Johnny Cash was a man of many sides, many lives and at least one death and one resurrection. The recently released movie of his life, "Walk the Line," somehow manages to capture all of this and more in a fast-paced movie that gets up close and personal without getting at all sentimental.
Joaquin Phoenix plays the title role with an almost uncanny characterization of one of the most recognizable and distinctive personalities in the history of American popular music. Phoenix not only looks the part, but sounds the part as he performs all the singing in the movie. He sings not so much in imitation of Cash, but in tribute to him; offering up a voice less rich, less gravelly and less ruined than the "Man In Black" himself, but no less heartfelt, intense or defiant.
Reese Witherspoon, in her role as Cash's extra-marital love interest June Carter, also turns out to possess a voice worthy of the legacy that June and the Carter family has represented to the world of Country Western music. Her bouncy, buoyant cheerfulness almost suffocates in saccharine sweetness until we discover a deeper, hurting side beneath the jokes and smiles.
Other supporting characters are developed to varying degrees. Rhe role of Cash's first wife, Vivian (played long-sufferingly yet tenderly by Ginnifer Goodwin), being especially important and effective in framing her husband's slow and painful collapse of character and common sense.
Dialogue is short and concise. What is unspoken is filled in by the context of scenes filled with the driving rhythm of music from such contemporary friends as Waylon Jennings, Roy Orbison, Jerry Lee Lewis and Elvis Presley.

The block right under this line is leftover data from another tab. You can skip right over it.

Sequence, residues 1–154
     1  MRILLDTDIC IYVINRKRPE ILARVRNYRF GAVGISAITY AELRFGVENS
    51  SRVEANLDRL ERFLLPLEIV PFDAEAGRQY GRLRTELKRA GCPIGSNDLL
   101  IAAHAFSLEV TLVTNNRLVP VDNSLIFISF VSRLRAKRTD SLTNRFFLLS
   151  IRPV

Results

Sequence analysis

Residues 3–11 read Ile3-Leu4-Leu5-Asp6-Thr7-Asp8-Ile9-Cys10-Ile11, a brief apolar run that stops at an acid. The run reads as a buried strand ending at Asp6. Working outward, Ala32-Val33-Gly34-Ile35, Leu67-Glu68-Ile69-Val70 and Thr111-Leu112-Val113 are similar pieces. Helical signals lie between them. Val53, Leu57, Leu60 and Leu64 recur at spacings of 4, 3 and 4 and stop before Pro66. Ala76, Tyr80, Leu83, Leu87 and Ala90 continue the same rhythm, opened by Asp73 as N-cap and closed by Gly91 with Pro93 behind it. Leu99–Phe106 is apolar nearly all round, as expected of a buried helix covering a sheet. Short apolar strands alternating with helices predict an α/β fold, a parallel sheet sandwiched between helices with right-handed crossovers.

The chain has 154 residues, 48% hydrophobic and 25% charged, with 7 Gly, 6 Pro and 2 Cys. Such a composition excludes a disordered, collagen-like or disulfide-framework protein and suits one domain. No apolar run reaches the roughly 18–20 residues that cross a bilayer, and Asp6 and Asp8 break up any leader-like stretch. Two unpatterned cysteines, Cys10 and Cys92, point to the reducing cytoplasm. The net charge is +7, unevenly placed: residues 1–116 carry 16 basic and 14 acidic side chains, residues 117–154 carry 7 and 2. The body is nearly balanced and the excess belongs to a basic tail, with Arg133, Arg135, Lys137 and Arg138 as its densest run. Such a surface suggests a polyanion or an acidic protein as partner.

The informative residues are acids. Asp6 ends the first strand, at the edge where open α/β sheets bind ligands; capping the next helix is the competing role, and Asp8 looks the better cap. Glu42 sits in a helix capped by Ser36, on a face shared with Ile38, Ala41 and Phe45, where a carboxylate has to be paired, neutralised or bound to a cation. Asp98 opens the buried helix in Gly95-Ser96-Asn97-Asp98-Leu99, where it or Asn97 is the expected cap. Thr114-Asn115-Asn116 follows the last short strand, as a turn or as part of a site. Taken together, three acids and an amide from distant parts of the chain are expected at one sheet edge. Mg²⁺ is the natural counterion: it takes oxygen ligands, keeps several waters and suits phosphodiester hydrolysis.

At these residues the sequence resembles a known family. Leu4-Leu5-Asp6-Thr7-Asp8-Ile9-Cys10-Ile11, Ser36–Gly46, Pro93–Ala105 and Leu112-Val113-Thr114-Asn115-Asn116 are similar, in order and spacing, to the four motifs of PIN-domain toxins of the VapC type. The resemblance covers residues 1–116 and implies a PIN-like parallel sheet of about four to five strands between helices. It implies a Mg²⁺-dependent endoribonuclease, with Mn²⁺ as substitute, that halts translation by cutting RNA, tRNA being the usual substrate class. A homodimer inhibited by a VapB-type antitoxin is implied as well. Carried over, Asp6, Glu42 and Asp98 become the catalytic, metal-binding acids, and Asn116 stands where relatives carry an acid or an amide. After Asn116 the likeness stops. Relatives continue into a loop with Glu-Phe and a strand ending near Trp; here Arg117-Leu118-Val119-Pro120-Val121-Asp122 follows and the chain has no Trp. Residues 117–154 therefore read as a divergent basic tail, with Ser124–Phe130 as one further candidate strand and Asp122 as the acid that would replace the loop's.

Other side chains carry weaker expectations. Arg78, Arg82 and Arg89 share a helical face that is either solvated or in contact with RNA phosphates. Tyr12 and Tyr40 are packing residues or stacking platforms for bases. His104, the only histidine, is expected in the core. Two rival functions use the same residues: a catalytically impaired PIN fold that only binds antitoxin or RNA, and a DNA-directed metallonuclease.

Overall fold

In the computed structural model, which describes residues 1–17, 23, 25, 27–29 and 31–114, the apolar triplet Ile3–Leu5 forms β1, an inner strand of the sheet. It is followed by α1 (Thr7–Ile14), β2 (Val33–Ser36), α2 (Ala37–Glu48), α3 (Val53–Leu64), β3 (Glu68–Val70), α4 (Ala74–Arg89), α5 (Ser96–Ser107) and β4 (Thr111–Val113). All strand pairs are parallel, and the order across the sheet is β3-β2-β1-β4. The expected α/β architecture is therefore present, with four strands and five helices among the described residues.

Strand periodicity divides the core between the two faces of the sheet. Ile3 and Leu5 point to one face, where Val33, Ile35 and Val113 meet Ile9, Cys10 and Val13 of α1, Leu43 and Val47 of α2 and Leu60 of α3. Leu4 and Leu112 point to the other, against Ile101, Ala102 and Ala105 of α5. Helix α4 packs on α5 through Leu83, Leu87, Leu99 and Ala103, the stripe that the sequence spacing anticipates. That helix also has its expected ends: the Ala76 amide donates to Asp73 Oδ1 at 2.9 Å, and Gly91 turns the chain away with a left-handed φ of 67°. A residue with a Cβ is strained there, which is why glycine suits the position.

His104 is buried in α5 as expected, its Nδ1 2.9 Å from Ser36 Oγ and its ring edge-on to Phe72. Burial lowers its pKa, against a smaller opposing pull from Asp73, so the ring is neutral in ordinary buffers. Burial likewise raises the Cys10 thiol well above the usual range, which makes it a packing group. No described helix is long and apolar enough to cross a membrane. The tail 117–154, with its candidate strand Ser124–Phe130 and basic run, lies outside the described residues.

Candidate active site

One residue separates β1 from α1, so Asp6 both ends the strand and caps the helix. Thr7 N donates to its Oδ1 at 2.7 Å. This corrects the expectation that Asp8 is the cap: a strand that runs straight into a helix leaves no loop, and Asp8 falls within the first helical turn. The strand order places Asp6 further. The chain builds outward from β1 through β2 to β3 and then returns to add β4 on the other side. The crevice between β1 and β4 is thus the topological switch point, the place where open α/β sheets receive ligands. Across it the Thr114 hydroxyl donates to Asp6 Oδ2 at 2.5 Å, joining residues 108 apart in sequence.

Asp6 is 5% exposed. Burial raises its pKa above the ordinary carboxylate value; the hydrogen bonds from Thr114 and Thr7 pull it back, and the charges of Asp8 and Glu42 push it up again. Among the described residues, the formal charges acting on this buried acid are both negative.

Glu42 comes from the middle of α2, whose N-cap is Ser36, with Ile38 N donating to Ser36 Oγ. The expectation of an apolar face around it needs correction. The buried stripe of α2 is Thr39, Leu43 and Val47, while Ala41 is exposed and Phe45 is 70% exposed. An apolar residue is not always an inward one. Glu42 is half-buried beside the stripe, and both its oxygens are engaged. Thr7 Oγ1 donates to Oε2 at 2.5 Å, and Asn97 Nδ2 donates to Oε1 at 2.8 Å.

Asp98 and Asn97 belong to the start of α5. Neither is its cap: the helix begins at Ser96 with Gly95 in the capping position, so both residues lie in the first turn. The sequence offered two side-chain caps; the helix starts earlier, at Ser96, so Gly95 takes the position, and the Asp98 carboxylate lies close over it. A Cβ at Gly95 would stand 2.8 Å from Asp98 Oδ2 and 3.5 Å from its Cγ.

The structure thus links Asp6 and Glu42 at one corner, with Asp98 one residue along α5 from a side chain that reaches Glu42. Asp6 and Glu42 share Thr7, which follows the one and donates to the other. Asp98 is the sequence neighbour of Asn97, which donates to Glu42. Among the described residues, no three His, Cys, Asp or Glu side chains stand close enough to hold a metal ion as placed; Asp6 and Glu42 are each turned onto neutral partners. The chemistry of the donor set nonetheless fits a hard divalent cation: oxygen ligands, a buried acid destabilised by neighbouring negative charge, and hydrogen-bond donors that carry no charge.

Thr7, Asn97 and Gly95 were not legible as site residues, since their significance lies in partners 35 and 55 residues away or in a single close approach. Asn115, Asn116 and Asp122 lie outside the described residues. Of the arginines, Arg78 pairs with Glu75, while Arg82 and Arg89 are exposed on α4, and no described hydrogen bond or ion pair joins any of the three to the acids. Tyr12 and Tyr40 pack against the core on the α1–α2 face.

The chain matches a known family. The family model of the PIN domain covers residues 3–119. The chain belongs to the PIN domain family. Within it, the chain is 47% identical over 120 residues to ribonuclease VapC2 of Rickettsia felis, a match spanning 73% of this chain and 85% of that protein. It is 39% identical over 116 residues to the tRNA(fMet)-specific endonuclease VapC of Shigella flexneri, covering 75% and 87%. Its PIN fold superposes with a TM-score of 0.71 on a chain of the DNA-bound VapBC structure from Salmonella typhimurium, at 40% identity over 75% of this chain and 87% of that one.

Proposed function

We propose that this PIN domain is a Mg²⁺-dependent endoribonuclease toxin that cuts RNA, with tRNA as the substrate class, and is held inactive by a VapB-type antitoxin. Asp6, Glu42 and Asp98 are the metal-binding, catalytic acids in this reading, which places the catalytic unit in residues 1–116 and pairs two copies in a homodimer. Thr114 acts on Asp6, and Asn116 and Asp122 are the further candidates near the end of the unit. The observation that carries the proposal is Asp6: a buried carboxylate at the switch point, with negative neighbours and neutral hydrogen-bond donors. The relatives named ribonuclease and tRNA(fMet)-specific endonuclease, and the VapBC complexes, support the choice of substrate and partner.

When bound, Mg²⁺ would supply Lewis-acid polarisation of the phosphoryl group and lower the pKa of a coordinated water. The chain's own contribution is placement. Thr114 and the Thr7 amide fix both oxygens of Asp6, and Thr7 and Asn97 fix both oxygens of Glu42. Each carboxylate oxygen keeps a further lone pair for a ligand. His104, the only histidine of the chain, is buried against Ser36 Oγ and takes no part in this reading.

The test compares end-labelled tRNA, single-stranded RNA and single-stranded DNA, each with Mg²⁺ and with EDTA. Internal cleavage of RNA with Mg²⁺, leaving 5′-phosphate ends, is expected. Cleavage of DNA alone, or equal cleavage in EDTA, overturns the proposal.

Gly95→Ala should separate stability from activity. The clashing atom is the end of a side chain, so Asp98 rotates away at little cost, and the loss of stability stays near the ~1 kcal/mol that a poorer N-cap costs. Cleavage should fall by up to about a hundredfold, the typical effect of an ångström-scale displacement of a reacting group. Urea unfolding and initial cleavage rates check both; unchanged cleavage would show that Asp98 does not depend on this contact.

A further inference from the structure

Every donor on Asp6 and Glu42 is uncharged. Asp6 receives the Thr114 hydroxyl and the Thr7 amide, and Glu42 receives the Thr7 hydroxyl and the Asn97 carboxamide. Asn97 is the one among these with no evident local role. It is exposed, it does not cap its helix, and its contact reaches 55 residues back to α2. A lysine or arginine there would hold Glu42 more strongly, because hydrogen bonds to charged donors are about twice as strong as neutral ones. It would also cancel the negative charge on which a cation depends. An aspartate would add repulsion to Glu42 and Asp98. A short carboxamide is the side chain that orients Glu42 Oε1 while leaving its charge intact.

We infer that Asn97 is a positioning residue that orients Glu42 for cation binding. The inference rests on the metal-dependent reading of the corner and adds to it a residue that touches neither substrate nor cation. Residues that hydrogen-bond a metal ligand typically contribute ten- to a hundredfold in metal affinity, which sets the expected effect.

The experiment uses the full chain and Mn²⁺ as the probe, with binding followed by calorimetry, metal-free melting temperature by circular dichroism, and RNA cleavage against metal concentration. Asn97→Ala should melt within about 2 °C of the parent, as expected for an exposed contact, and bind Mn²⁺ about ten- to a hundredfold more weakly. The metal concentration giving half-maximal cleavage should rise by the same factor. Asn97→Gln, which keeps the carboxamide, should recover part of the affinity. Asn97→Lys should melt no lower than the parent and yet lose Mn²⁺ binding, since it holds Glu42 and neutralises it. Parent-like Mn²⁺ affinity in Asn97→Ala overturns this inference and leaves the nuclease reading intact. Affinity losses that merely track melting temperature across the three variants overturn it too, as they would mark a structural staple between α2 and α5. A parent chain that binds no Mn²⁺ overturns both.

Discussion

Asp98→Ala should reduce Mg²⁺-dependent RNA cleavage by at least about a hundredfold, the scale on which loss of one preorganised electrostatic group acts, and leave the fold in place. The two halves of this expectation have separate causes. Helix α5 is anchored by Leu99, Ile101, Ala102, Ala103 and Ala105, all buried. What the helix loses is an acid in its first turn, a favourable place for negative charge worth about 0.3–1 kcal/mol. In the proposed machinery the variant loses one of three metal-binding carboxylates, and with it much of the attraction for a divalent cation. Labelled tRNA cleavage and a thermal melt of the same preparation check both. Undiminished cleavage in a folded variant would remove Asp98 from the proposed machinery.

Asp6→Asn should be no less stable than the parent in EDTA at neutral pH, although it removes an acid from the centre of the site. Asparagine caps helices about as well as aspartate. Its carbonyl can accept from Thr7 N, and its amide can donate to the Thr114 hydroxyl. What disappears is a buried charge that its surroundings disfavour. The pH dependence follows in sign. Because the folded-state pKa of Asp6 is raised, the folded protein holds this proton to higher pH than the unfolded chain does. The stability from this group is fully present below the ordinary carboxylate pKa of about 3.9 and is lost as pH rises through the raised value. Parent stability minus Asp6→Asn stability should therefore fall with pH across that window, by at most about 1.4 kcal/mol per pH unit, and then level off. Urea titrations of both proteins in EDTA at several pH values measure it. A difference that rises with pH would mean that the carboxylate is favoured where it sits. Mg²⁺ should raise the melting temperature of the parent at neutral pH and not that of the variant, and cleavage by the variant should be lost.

The photography captures the hot and faded world of the mid-1950s through to the late 1960s with an eerie and uncanny authenticity (having lived those years myself I can make that comment). The raw energy let loose by these trail-blazing performers rips through the cultural landscape like a tornado sweeping through a Tennessee cotton field.
Through the abuse of alcohol and drugs, Cash comes to a literal collapse of his career. After losing everything, including his wife and children, he tries one last time to impress his father, his mother and June Carter with the purchase of a house that is as empty yet as full of promise as his own life.
With the help of June and her parents, Cash is gently and lovingly led through his personal "valley of the shadow of death." His emergence from years of darkness into light leads him eventually to reclaim his talent and redirect it for the uplift and hope of others who have fallen from grace in the eyes of the world.